Checking date: 19/04/2024


Course: 2024/2025

Functional Programming
(18283)
Bachelor in Applied Mathematics and Computing (Plan: 433 - Estudio: 362)


Coordinating teacher: FERNANDEZ ARREGUI, SUSANA

Department assigned to the subject: Computer Science and Engineering Department

Type: Compulsory
ECTS Credits: 6.0 ECTS

Course:
Semester:




Requirements (Subjects that are assumed to be known)
Programming (Course: 1/ Semester: 1) Programming Techniques (Course: 1/ Semester: 2)
Objectives
To Acquire the learning outcomes and competencies specified in the "Memoria Verifica" of the title
Skills and learning outcomes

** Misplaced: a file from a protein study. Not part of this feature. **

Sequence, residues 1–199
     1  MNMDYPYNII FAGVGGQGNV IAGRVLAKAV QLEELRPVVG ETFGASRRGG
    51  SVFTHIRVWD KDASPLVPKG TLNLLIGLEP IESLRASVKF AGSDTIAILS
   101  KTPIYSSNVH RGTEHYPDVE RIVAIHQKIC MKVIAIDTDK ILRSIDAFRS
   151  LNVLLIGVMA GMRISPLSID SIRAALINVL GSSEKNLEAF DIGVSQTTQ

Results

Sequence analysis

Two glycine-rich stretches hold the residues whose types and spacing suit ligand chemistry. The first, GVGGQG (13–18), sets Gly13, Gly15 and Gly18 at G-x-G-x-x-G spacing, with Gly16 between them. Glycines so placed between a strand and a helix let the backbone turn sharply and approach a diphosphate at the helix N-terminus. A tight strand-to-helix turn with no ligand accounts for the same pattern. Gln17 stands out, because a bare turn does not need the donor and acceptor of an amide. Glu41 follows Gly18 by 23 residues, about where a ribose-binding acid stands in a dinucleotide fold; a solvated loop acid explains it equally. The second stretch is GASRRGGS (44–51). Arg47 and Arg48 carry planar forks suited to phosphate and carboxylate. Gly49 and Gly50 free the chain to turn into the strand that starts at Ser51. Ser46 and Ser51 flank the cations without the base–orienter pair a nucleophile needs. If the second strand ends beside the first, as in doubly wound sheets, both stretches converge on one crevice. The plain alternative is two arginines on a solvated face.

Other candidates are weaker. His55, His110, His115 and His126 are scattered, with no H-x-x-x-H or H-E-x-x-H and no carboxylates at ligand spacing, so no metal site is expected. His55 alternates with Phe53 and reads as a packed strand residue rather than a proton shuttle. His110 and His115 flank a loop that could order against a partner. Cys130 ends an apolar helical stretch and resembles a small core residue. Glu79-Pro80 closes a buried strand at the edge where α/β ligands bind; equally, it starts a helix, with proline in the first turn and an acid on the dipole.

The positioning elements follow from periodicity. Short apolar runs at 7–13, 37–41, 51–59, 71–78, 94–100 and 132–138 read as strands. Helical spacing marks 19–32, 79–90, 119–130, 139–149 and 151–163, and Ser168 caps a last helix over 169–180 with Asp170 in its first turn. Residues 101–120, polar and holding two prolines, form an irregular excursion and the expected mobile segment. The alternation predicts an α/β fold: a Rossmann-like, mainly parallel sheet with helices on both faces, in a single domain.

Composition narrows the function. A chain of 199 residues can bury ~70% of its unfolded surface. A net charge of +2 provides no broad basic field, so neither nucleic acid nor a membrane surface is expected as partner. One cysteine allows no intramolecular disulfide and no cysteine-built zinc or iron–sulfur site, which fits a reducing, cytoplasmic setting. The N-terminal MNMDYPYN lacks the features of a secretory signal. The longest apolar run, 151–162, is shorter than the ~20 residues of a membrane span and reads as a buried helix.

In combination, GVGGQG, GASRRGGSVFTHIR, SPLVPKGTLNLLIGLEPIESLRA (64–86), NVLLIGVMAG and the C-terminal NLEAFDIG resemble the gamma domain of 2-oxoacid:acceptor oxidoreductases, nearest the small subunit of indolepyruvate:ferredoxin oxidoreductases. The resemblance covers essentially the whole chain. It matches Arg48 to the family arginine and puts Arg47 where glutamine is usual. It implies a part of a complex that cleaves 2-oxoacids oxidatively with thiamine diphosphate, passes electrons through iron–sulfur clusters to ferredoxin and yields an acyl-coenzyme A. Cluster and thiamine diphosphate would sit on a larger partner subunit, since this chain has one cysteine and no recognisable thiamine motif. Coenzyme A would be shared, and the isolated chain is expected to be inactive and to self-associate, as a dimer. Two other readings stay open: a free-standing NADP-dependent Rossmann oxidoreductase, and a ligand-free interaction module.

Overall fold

CB1. Students have demonstrated possession and understanding of knowledge in an area of study that builds on the foundation of general secondary education, and is usually at a level that, while relying on advanced textbooks, also includes some aspects that involve knowledge from the cutting edge of their field of study. CB2. Students are able to apply their knowledge to their work or vocation in a professional manner and possess the competences usually demonstrated through the development and defence of arguments and problem solving within their field of study. CB3. Students have the ability to gather and interpret relevant data (usually within their field of study) in order to make judgements which include reflection on relevant social, scientific or ethical issues. CB4. Students should be able to communicate information, ideas, problems and solutions to both specialist and non-specialist audiences. CB5. Students will have developed the learning skills necessary to undertake further study with a high degree of autonomy. CG1. Students are able to demonstrate knowledge and understanding of concepts in mathematics, statistics and computation and to apply them to solve problems in science and engineering with an ability for analysis and synthesis. CG3. Students can solve computationally with the help of the most advanced computing tools mathematical models coming from applications in science, engineering, economy and other social sciences. CG4. Students are able to show that they can analyze and interpret, with help of computer science, the solutions obtained from problems associated to real world mathematical models, discriminating the most relevant behaviours for each application. CG6. Students can search and use bibliographic resources, in physical or digital support, as they are needed to state and solve mathematically and computationally applied problems arising in new or unknown environments or with insufficient information. CE11. Students have shown that they know the concepts of imperative, generic, object oriented and functional programming and distinguish interpreted, virtual machine based and native programming languages as well as the impact that they have on performance of algorithms and applications. CE21. Students have shown that they understand the influence and usefulness of the mathematical foundations used in functional programming languages and the impact of the practical applications of those languages. RA1. Students must have acquired advanced cutting-edge knowledge and demonstrated indepth understanding of the theoretical and practical aspects of working methodology in the area of applied mathematics and computing. RA3. Students must have the capacity to gather and interpret data and information on which they base their conclusions, including where relevant and necessary, reflections on matters of a social, scientific, and ethical nature in their field of study. RA4. Students must be able to perform in complex situations that require developing novel solutions in the academic as well as in the professional realm, within their field of study. RA5. Students must know how to communication with all types of audiences (specialized or not) their knowledge, methodology, ideas, problems and solutions in the area of their field of study in a clear and precise way. RA6. Students must be capable of identifying their own education and training needs in their field of study and the work or professional environment and organize their own learning with a high degree of autonomy in all types of contexts (structured or not).